Genetic Counseling and Genetic Screening for Cancer

Pictured: Megan Harlan Fleischut & Kenneth Offit

Genetic counselor Megan Harlan Fleischut (left) and Clinical Genetics Service Chief Kenneth Offit

Some people are genetically predisposed to developing certain types of cancer because they have a genetic mutation inherited from one of their parents — or sometimes both parents. These people have a higher risk of developing the disease than those in the general population.

If you have a family history of cancer, physicians and genetic counselors at Memorial Sloan Kettering are available to help you understand your risk of developing cancer.

We spoke with genetic counselor Megan Harlan Fleischut about genetic counseling and testing and about the services offered by experts on our Clinical Genetics Service.

What percentage of cancers are inherited?

While all cancers are caused by genetic changes (mutations) in tumor cells, most cancers are not hereditary. Only about 5 to 10 percent of cancers — including breast, ovarian, colorectal, and prostate — are thought to be inherited, meaning that they are due to gene mutations passed down in one’s family.

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With some cancers, there are known mutations for which we can screen patients. Two of the most well known are mutations in genes called BRCA1 and BRCA2. These mutations have been linked to some, but not all, hereditary cases of breast and ovarian cancer as well as other cancers.

For cancers for which no tests are currently available, family history is the strongest risk factor.

Our laboratory investigators are working to identify previously unknown hereditary mutations that may predispose people to developing these and many other types of cancer. We are also performing genetic epidemiologic studies to explore how such mutations may contribute to disease in families and in populations.

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If someone has a few relatives with cancer, should he or she consider genetic counseling?

Genetic counseling may be useful for you if you answer yes to any of the following questions:

  • Have you or a close relative been diagnosed with cancer at an early age?
  • Do you have more than one blood relative with the same type of cancer? If yes, is the same type of cancer found in more than one generation?
  • Has anyone in your family had more than one type of cancer, not counting basal cell or squamous cell skin cancers?
  • Some organs, such as the breast, kidney, and eye, come in pairs. Has anyone in your family had cancer on both sides of a pair of organs?
  • Are you related to someone who is known to have an inherited mutation that can cause cancer?

Genetic counseling is typically recommended for individuals who are diagnosed with cancer at a very young age and for families with multiple cases of cancer. If you are interested in learning about your hereditary risk for cancer, we encourage you to schedule an appointment with us.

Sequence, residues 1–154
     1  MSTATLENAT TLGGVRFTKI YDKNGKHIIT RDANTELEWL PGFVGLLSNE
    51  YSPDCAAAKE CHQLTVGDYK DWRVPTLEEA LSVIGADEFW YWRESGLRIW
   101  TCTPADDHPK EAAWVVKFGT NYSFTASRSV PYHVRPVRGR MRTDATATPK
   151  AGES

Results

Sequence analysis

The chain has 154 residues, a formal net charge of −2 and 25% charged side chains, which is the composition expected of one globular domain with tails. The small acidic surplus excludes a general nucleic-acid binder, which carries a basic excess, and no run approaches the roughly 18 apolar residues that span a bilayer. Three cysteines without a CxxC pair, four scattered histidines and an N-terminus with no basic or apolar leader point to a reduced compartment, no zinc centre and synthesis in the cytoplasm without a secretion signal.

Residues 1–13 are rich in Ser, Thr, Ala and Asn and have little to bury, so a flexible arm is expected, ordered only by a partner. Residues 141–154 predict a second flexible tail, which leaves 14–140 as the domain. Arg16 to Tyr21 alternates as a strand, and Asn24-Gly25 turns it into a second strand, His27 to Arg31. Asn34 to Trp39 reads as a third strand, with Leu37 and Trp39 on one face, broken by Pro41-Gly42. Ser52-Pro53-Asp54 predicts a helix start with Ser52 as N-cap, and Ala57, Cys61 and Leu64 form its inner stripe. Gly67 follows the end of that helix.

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What happens during genetic counseling?

Your initial genetic counseling session will focus on your or your family’s risk for cancer. We will tell you about the scientific concepts that relate to genetic testing to help you decide which genetic tests, if any, might be useful for you. Our goal is to provide clear and relevant information about genetic risk factors in a supportive and educational environment.

As part of a genetic counseling session, you will have the opportunity to ask questions and discuss many topics including your individual cancer risk assessment, personalized cancer screening recommendations, and options for participating in research taking place at Memorial Sloan Kettering.

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How should a person decide whether to have genetic testing?

Genetic testing is not the right choice for everyone. Your personality, your coping style, and your family’s experience with cancer may influence your decisions about whether to have a genetic test.

For many people, a cancer risk assessment can be provided through genetic counseling alone, without the use of genetic tests. However, in some cases, genetic testing may help you and your physician make important decisions about your medical care.

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What can a person do if they are at higher risk of developing a certain cancer or cancers?

If there is a history of cancer in your family, we recommend you undergo regular cancer screening, regardless of whether you have received genetic testing. The goal of screening is to prevent cancer or to find the disease at an early stage, increasing the chance that it can be treated. Screening may include colonoscopies for colorectal cancer and prostate-specific antigen (PSA) tests for prostate cancer. You may also wish to enroll in our Special Surveillance Breast Program, which provides services for the prevention and early detection of breast cancer